Monday, 11 October 2010

Book Choice - Pittville Library

You can take the man out of the library, but you can’t take the librarian out of the man. I began my professional life as a librarian – several happy years at Goldsmiths prior to equally happy years at Pittville (University of Gloucestershire) - but turned to teaching when required to relinquish librarianship for Learning Centrism. Though it is many years since I worked in Pittville Library, I still, secretly, regard it as my library. So, I was delighted to be asked to do a pick of the bookstock for display as part of a celebration of the Pittville years prior to relocation, next year.
My selection, in alphabetical order (of course) is as follows:
Becher, Bernd and Hilla (1988) Water Towers, London: MITP
I could have chosen the Mineheads, the Blast Furnaces or the Gas Tanks (I love the Gas Tanks), but I plumped for the Water Towers. Part objective typology of industrial forms and part conceptual art, these cool documents constitute strange and poetic visions - what the Bechers themselves termed Anonyme Skulpturen.
Borges, Jorge Luis (1970) Labyrinths: selected stories and other writings, Harmondsworth: Penguin
Amazing stories, each one dense with ideas and wonder.
Dean, Tacita (1999) Teignmouth Electron, London: Bookworks
The strange story of Donald Crowhurst, the man who faked his lone circumnavigation of the world and disappeared, seen through the work of this intriguing artist.
Dyer, Geoff (2005) The Ongoing Moment, London: Little Brown
The world is filling up with histories of photography: Dyer’s book is a refreshingly original take on the subjects and perceptions of photographers.
Frank, Robert (2008) The Americans, Steidl
Probably the best photobook. Ever. As Jack Kerouac says in the introduction: Anybody doesn’t like these pitchers dont like potry, see?
Hickey, Dave (1997) Air Guitar: Essays on Art and Democracy, Art Issues Press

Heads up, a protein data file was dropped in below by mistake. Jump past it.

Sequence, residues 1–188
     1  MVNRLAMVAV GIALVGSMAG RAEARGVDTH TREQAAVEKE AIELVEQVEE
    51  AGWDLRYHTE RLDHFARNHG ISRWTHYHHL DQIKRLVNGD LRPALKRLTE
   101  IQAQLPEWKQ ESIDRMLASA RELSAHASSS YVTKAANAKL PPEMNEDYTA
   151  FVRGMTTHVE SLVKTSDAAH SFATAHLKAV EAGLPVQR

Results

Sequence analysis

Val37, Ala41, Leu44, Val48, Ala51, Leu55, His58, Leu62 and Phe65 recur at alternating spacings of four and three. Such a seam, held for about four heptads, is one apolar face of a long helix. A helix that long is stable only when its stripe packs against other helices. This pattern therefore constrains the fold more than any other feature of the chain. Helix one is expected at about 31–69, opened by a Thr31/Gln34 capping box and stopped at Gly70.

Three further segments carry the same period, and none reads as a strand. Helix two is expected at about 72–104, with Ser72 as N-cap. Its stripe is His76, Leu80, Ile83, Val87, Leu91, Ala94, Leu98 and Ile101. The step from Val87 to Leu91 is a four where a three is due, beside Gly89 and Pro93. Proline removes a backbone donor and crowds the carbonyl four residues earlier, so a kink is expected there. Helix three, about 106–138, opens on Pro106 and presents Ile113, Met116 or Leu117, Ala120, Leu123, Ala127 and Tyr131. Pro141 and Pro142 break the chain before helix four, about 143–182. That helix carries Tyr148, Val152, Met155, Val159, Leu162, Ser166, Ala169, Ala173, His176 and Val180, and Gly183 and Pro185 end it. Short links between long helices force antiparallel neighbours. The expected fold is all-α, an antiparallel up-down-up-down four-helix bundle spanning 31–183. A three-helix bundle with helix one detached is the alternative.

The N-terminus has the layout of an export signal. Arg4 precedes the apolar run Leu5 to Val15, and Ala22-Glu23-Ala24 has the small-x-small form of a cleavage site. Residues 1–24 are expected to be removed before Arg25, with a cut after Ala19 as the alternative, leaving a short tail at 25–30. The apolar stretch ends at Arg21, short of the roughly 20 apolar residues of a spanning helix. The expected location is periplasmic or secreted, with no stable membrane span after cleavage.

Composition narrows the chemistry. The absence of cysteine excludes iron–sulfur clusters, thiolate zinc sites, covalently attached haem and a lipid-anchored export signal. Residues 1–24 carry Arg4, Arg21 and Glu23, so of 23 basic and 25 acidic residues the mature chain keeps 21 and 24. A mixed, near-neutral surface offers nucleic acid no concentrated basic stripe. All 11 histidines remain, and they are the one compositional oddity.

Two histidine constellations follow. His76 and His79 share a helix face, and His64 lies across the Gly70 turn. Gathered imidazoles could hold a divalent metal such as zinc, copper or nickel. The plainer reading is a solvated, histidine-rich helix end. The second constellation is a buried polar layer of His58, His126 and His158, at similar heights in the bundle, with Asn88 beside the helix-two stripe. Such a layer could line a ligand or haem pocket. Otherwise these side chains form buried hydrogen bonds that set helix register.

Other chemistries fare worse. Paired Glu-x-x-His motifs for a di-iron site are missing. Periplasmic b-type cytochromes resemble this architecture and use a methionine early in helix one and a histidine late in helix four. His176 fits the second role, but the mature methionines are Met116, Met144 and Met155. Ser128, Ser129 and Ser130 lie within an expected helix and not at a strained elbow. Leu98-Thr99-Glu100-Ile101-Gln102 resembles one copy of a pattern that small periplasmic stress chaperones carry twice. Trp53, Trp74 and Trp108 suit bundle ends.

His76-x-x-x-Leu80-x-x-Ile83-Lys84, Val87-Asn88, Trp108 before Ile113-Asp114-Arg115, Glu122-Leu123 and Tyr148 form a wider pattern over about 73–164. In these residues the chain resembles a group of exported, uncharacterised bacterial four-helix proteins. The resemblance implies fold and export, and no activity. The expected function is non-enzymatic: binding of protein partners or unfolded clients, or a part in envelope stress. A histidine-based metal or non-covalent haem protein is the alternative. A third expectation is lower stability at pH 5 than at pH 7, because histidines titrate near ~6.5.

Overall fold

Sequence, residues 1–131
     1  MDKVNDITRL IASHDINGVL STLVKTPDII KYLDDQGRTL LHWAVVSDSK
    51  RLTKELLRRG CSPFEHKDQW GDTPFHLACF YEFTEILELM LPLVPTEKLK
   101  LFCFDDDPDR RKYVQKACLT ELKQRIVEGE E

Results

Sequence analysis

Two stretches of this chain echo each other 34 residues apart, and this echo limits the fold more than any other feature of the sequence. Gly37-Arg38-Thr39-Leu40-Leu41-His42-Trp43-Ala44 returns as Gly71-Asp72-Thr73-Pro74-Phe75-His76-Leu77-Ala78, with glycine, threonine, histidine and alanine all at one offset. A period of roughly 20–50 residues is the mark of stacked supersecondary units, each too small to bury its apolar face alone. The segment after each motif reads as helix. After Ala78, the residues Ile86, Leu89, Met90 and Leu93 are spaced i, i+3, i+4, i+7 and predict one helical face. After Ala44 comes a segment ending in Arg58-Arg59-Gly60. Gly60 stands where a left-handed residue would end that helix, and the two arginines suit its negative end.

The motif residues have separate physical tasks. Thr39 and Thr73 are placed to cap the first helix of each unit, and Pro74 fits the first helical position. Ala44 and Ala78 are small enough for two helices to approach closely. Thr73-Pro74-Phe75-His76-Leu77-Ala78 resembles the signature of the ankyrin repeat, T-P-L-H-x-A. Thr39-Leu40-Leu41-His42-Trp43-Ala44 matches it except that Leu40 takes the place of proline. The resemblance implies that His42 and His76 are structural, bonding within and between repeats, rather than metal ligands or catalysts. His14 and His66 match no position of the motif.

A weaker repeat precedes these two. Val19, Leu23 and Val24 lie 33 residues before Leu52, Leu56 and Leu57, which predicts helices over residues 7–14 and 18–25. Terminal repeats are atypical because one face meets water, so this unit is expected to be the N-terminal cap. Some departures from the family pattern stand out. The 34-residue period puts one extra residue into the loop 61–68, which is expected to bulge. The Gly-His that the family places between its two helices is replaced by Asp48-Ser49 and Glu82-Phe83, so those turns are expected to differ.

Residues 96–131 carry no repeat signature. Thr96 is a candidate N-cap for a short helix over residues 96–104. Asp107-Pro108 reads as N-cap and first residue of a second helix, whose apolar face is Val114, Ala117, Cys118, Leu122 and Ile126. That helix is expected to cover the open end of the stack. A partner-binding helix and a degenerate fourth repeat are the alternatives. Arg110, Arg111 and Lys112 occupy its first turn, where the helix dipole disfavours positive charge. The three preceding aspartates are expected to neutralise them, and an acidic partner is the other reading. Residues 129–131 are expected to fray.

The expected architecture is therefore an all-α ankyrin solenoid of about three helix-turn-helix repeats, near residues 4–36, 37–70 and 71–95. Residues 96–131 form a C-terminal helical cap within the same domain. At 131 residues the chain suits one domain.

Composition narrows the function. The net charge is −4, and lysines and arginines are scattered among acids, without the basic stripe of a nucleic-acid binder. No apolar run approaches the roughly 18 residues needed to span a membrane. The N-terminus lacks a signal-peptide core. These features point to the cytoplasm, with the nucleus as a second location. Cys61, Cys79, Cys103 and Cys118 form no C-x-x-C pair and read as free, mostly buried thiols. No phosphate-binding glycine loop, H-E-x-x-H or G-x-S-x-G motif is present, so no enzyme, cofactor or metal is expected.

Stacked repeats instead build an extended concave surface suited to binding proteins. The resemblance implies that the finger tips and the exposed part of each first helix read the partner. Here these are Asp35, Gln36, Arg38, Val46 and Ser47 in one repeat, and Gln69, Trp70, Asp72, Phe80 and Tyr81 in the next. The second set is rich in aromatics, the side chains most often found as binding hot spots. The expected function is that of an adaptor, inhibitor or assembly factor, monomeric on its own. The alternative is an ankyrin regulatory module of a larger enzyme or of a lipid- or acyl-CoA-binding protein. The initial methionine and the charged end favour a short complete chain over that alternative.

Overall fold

A good writer on art can be hard to find. Dave Hickey does the job.
Le Corbusier (1946) Towards a New Architecture, London: Architectural Press
Disguised by a bland library binding this edition of Le Corbusier’s seminal statement on architecture has the authentic whiff of heroic Modernist utopianism; the thrill of the impending machine age is captured in the pictures of cars, aeroplanes and grain silos.
Marinetti, F.T. (1989) The Futurist Cookbook, London: Trefoil
Matisse, Henri (1985) Jazz,New York: Braziller
An exhilarating and joyous feast of colour and energy: a triumph of the art of the book.
Opie, Julian (1991) A28/14(E), London: G-W Press
Order your modular sculpture here, just note the serial number. The exhibition catalogue as trade catalogue.
Parr, Martin (1999) Boring Postcards, London: Phaidon
Boring? Surely some mistake? How can you not thrill to the views of the M6, Thomas Cook’s International HQ, and the New Bus Station, Preston (‘Largest in Britain’).
Patterson, Simon (1994) Rex Reason, London: Book Works
A handy compendium of the elements reconfigured as film stars, directors and gods.
Spencer, Herbert (1969) Pioneers of Modern Typography, London: Lund Humphries
The freshness and invention of avant-garde graphic design sings off the pages of this beautifully constructed book.
Vogel, Amos (2005) Film as a Subversive Art, London: C.T.
For much of its history, the world of avant-garde and experimental film has been obscure and inaccessible; now, thanks to the internet and the wonderful UbuWeb, this world is opening up. Vogel’s book is the key to unlocking it.
Wentworth, Richard (1998) Thinking Aloud, London: Hayward Gallery Publishing
A brilliant and witty selection of objects and images gently nudged into new relationships and poetic dialogue.

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